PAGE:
Tag Archives: Sarah Punshon

Giving Tuppence


Belgrade Theatre, Coventry, Tuesday 28th April, 2015


Agatha Christie plays always prove popular so it’s surprising that no one has adapted the Tommy and Tuppence stories for the stage before now. This touring production by the Watermill Theatre addresses this oversight.

Rather than the naturalistic approach that is reserved for Christie’s courtroom dramas or country house murder mysteries where one location is all that is required, here the set is a multi-purpose stage-within-a-stage and theatricality is heightened. A cast of seven versatile actors populate the tale and provide their own musical accompaniment with on-stage instruments. It is 1920 and we are in London. Post-war austerity is all the rage and there are rumblings of general strikes and revolution in the air.

Unfortunately there are also rumblings in the sound design. Low frequency rumblings that hamper the dialogue. Sometimes traffic sounds and machinery noises can be discerned but the general din underscores the entire production. Perhaps it’s meant to convey a sense of menace. Perhaps it is meant to depict the locations – if so then this is at odds with the non-naturalistic approach of the rest of the presentation. I find it annoying in the extreme and unnecessary, and it saps the comic energy effusing from the players, and I long to stand up and shout, Turn the bloody thing off!

Despite this handicap, the cast delivers a slick and amusing performance, as our two heroes strive to foil a Bolshevik plot to overthrow British civilisation. Garmon Rhys gives us his Tommy, an all-round decent cove, brave and not too much of a drip. He delivers a wonderful masterclass in physical comedy – I now know what to do the next time I am tied to a chair! The charming Emerald O’Hanrahan shows us her Tuppence – an indefatigably plucky young woman up for fun and derring-do. Elizabeth Marsh is stunningly good in a range of roles, from a disgruntled French chef, to a Russian activist and a nightclub performer. Morgan Philpott is excellent value in his roles – indeed, the entire ensemble is superb (Sophie Scott, Kieran Buckeridge, and Nigel Lister, to namecheck those responsible!) unflagging in their energy and comic timing. Director Sarah Punshon captures a flavour of the age and her script co-written with Johann Hari glitters with innuendo and a generous helping of silliness. There are several moments of inventive brilliance: the keyhole scene, for example, and Tommy spying on the conspirators from a skylight… There is much of the brio and style of the long-running West End hit The 39 Steps: Christie’s original is more of a John Buchan adventure than her usual fare.

There is a political message, albeit a satirical one. Why should the rich have everything and the poor nothing? Any attempts to alter this status quo must, of course, be quashed! As the general election approaches, I say we need more unrest and protest, while this tongue-in-cheek production holds up the desire to keep things the way they have always been as something to be mocked, at the very least.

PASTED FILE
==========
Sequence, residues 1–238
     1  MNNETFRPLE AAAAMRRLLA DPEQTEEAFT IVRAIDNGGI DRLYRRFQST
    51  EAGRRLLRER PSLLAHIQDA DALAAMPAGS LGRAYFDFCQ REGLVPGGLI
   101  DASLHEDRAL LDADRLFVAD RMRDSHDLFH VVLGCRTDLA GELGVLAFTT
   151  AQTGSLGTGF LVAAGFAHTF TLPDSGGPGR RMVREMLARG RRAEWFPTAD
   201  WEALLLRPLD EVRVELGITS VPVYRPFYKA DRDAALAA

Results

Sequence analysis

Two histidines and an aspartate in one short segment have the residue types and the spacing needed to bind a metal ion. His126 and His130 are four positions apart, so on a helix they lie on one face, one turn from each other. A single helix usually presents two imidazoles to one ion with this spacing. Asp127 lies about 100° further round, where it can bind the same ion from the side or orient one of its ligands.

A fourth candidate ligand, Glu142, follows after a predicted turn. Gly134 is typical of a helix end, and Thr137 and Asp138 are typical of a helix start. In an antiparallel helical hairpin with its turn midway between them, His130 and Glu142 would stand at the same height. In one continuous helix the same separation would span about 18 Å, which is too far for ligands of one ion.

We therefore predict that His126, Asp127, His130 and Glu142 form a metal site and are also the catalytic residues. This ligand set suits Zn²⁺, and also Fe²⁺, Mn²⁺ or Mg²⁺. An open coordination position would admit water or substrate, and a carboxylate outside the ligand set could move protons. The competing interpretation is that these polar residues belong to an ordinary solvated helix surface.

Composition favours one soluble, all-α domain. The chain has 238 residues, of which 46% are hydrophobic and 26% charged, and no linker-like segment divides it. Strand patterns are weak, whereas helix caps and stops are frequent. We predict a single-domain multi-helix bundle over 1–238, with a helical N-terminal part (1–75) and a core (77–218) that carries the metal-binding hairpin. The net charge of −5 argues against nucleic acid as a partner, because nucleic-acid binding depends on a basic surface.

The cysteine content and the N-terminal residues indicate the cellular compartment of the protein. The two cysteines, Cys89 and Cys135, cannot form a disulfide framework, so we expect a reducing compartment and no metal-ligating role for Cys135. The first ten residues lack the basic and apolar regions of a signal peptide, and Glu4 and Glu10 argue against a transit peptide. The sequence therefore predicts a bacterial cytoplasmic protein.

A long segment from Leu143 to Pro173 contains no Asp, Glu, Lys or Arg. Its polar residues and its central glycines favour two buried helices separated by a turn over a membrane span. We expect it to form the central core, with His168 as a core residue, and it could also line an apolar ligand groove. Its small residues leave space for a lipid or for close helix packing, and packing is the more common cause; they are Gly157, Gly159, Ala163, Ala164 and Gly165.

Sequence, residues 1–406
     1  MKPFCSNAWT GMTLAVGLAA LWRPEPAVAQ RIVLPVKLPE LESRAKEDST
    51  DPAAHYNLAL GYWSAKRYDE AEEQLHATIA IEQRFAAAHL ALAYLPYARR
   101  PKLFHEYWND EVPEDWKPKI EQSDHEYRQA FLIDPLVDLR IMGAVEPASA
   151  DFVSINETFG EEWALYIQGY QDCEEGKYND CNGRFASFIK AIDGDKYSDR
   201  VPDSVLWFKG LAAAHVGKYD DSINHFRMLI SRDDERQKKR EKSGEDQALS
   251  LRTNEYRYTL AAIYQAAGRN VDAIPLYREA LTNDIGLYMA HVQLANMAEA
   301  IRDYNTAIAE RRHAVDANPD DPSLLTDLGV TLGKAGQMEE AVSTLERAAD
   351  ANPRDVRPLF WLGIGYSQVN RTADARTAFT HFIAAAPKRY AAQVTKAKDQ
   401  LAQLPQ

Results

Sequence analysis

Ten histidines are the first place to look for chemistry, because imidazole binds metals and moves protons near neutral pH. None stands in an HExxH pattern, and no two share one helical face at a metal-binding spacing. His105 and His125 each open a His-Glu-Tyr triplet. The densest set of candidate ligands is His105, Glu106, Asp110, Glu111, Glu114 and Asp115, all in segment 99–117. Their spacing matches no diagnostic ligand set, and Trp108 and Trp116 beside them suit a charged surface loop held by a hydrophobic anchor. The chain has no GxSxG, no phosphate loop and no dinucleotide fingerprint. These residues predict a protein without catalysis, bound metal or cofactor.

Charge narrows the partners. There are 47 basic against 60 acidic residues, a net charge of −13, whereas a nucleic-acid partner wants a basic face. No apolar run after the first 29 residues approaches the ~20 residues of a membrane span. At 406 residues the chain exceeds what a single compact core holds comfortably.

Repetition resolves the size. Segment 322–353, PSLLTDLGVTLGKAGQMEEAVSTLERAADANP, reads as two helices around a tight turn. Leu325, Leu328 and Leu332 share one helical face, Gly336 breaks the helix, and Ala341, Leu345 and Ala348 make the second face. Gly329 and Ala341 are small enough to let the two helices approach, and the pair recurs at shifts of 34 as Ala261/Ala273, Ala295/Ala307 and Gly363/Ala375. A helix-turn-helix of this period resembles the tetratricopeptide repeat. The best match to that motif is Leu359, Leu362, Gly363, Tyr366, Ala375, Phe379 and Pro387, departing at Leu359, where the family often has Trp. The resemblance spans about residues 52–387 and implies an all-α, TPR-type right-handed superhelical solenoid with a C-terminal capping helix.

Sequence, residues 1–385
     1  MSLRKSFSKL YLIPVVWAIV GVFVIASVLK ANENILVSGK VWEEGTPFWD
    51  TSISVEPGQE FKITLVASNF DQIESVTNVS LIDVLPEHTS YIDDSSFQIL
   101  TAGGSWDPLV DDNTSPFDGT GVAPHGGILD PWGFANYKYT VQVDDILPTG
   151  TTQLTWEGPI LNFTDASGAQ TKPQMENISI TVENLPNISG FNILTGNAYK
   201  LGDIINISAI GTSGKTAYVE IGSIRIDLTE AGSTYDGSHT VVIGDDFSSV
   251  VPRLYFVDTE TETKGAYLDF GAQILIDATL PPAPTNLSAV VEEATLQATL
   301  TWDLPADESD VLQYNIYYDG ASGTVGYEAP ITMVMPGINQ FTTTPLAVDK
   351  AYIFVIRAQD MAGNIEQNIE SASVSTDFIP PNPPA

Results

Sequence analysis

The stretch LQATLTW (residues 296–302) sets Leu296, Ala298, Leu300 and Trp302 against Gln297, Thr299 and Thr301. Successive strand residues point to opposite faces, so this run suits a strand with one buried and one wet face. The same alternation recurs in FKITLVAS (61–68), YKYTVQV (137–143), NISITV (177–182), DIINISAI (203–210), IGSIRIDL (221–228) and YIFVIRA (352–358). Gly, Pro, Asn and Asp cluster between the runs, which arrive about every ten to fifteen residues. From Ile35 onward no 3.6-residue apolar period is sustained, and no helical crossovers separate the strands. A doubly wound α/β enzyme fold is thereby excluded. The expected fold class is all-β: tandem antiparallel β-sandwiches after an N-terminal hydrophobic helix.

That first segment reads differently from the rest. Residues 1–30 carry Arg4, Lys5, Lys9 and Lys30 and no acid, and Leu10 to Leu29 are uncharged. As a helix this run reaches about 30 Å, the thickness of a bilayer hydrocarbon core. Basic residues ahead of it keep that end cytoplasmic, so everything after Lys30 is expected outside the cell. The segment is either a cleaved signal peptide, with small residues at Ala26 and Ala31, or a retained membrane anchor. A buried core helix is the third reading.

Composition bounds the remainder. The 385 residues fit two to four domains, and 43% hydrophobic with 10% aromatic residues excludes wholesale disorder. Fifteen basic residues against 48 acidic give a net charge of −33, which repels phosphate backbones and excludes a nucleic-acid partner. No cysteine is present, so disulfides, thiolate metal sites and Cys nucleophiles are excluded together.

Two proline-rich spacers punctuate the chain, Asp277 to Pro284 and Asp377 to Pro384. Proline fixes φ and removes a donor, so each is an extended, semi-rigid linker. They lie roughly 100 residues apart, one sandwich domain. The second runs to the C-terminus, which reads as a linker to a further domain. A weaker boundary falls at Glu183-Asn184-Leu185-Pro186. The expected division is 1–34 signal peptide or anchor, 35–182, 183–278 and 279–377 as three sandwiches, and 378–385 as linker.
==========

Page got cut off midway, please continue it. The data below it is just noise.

tommy and tuppence

Dim and Dimmer


New Vic Theatre, Newcastle under Lyme, Friday 20th September, 2013


Patrick Hamilton’s taut thriller is set in the Victorian home of Mr and Mrs Manningham, shown here in a detailed set by designer Michael Holt – a collection of furniture, potted plants and props that evoke the period perfectly.  Hamilton uses some of the features of Victorian melodrama in his tale but director Sarah Punshon does not overplay them.  We have a villain, who sports a black top hat and cloak – he even has facial hair, a sure sign of villainy according to the convention, but Brendan Hughes’s Manningham stops short of twirling his moustache.  The victim is his neurotic wife Bella, an excellent Alix Dunmore who pitches the poor woman’s fragility just right; we never get the sense that she has a choice, that she should stand up to her bullying monster of a husband, such is the credibility she brings to the role.

There is music too, as you’d expect in a melodrama, but James Earl-Davis’s sound design keeps it subtle.  Atonal notes play on an almost subliminal level, cranking the tension.  The effect is very chilling.

There is strong support from Joanna Bacon and Hannah Lee as the housemaids, one fretful, the other chirpy, again bringing truth to character parts.  The whole tone of the piece is utterly believable, thanks to the performance style and also in no small part to the venue itself.  In-the-round means that the audience is not only the fourth wall of the Manninghams’ living room but the first, second and third walls as well.  This permits an intimacy and a naturalistic approach even to the more sensational aspects of the plot and dialogue.

John Cording’s Ex-Detective Rough almost steals the show, generating warmth and a quiet urgency as he makes his moves to solve an old case.  The scenes between him and Alix Dunmore are superbly done, as he entrances her (and us) with exposition of the crime and convinces her to go along with his plan to bring a murderer to justice.

Brendan Hughes is also pitch-perfect, bringing nuance to what could easily be a two-dimensional role.  We almost fall for his manipulations at the start and we see the power he has over his vulnerable wife.  That the melodramatic aspects are subdued makes him a more chilling baddie and his machinations more plausible psychologically.  I was interested to read in the programme that Manningham’s method of mental abuse has been given the name ‘gaslighting’ after this play.

An absorbing production of a thriller that actually thrills, Gaslight stands the test of time, serving as a reminder of the genius of this too-often overlooked playwright.